A group of scientists based at the University of Oxford, have used machine learning algorithms, widely known as AI, and discovered that each lion has a unique, identifiable and trackable roar.
Lions are known for their uniqueness in behaviour and character, what makes them distinct from other wild animals in the animal kingdom is their mighty and thrilling roar that can be heard from 8 kilometres (5 miles) away.
Lions may roar for a couple of reasons, which include; roaring mightily to show off their territorial ownership, intimidating rivals or to locate fellow pride members.
By using the new machine learning technologies, the scientists based in WildCRU at the University of Oxford, partnered with fellow researchers in the Department of Computer Science to discover a new device, known as a biologger.
The biologger can be attached to an existing lion GPS collar to record audio and movement data. The biologgers then allow the scientists to associate each roar with the correct lion by cross-referencing movement and audio data through the large datasets of roar recordings collected.
After the data was collected by the biologgers, the scientists trained a pattern recognition algorithm to “learn” each individual’s roars and then tested the algorithm on sequences that it had not seen before to determine whether the shape of the contour as a whole is an important distinguishing feature.
Results were later published in Bioacoustics, and revealed that each individual lion produces a distinct frequency pattern with 91.5% accuracy.
According to the findings, the overall shape of the fundamental frequency (f0) of the full-throated roar contour is consistent within each individuals’ roars and sufficiently different from other individuals to allow for accurate classification of individual identity.
While previous studies have revealed that lions can recognize the calls of other individuals, allowing them to locate distant companions and also to avoid potentially hostile neighbours. Until then, only little has been understood about how individuals convey identity information in the structure of their calls.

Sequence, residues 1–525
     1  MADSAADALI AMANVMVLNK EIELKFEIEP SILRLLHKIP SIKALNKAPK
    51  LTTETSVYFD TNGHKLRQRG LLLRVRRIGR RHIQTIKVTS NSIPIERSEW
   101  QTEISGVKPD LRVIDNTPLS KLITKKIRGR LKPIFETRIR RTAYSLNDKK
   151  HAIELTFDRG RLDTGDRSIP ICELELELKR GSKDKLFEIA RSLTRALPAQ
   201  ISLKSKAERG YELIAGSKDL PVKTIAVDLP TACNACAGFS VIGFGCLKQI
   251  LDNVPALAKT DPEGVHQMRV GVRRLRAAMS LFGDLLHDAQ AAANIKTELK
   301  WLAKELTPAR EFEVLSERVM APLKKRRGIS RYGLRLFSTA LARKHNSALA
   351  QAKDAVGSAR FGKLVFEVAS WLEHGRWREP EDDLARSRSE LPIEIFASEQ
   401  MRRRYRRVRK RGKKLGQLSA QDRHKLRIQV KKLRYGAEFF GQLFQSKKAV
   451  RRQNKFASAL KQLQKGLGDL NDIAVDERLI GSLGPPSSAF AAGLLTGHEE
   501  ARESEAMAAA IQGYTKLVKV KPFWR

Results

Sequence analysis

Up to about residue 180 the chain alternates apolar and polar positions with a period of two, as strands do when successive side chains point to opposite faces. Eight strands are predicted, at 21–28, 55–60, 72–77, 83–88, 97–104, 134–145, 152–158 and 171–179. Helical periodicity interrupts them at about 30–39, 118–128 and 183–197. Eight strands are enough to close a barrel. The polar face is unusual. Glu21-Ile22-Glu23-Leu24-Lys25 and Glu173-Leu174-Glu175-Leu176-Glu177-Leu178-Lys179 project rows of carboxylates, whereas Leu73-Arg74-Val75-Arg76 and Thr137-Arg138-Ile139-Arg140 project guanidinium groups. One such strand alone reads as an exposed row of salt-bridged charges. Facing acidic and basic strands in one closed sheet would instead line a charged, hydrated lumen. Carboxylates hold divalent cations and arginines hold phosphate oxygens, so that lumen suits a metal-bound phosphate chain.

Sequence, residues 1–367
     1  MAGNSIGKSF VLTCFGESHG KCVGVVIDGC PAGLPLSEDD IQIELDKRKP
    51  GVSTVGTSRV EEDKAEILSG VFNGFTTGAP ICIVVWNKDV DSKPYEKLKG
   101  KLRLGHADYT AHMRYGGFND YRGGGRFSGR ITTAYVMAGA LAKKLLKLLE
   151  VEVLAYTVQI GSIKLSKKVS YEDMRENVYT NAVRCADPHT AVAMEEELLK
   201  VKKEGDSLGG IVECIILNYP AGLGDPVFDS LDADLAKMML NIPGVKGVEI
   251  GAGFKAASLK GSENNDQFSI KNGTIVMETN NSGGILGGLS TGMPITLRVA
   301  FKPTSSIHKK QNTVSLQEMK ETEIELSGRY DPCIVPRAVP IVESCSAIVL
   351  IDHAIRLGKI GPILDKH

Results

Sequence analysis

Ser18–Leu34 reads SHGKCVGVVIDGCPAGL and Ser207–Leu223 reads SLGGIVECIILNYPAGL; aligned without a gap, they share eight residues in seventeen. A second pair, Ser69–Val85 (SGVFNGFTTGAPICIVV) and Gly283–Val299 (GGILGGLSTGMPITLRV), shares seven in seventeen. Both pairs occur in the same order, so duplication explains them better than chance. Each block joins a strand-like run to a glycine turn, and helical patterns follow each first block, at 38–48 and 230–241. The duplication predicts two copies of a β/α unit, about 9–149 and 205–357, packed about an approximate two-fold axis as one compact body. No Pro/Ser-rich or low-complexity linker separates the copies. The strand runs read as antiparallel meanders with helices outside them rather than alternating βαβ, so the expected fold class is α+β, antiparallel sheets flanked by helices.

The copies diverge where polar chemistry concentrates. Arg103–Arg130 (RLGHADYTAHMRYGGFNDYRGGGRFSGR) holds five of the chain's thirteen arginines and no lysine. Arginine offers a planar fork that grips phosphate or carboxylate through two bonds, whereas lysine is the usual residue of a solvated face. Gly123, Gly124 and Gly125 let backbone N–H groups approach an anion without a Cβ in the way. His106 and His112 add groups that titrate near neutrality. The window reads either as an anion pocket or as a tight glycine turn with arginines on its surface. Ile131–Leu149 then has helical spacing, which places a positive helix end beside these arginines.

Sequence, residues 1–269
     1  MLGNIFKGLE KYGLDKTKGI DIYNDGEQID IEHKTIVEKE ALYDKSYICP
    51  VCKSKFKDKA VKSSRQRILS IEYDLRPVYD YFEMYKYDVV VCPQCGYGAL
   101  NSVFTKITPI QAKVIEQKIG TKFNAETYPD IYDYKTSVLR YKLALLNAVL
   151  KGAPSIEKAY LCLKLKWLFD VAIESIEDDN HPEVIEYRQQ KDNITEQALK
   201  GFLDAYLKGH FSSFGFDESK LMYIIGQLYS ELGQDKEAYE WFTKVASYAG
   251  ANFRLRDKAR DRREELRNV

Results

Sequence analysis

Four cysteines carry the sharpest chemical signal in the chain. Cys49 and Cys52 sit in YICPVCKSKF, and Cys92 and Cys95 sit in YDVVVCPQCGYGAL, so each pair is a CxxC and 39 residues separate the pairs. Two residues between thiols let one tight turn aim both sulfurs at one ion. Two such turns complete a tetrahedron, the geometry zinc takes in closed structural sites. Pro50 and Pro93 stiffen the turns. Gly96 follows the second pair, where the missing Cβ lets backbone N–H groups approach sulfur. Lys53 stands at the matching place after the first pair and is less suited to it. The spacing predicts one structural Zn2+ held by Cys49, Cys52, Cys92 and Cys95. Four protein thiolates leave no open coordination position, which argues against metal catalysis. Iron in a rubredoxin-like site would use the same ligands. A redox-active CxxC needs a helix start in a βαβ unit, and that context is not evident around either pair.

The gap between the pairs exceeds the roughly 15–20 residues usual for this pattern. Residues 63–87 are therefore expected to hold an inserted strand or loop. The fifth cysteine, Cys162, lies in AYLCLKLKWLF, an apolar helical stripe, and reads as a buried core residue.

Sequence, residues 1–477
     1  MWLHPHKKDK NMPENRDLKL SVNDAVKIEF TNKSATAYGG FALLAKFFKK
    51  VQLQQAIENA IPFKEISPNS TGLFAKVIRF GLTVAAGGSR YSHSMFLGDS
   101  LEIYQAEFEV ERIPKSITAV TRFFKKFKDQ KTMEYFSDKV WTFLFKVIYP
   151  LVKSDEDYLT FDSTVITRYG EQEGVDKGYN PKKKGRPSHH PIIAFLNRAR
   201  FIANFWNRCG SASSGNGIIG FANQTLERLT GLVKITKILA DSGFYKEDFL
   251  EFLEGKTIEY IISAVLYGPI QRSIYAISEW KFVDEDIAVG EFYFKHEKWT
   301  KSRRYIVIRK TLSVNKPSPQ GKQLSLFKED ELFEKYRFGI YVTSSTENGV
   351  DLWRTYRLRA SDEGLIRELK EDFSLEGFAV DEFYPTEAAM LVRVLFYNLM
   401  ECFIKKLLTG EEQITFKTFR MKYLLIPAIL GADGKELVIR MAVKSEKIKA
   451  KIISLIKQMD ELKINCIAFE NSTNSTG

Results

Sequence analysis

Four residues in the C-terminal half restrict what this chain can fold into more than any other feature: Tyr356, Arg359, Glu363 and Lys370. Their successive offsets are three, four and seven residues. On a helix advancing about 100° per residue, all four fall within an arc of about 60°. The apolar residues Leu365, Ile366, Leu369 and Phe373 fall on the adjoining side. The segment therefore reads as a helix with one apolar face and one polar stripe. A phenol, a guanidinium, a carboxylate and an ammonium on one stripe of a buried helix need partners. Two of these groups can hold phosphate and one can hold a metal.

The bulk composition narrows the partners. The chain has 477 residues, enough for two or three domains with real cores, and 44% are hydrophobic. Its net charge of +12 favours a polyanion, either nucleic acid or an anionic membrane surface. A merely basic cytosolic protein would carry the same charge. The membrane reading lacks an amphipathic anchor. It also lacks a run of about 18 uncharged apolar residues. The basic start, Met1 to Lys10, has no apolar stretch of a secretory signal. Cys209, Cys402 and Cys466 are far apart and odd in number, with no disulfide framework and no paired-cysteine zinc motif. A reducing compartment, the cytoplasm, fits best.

The latest research has revealed a possible mechanism for individual vocal recognition amongst African lions. This indicate that individual lions may be able to learn the subtle variations in the fundamental frequency of other lions’ roars and therefore associate particular variations with particular identities in the wild.
“African lion numbers are declining and developing cost effective tools for monitoring, and ultimately better protecting, populations is a conservation priority. The ability to remotely evaluate the number of individual lions in a population from their roars could revolutionize the way in which lion populations are assessed,” said Andrew J. Loveridge, from WildCRU at the Department of Zoology.
By using the new machine learning technologies, scientists could also develop alternative techniques for assessing the animal’s population and improve conservation as the top most priority.
“Being able to accurately distinguish between individual roars using machine learning algorithms could facilitate the development of alternative techniques for assessing population density and tracking individual movements across the landscape,” said Andrew Markham, from the Department of Computer Science at Oxford.
As technology is rapidly growing, the scientists and researchers are developing ways to precisely track individual animals and their behaviour to see if they could find sufficient information.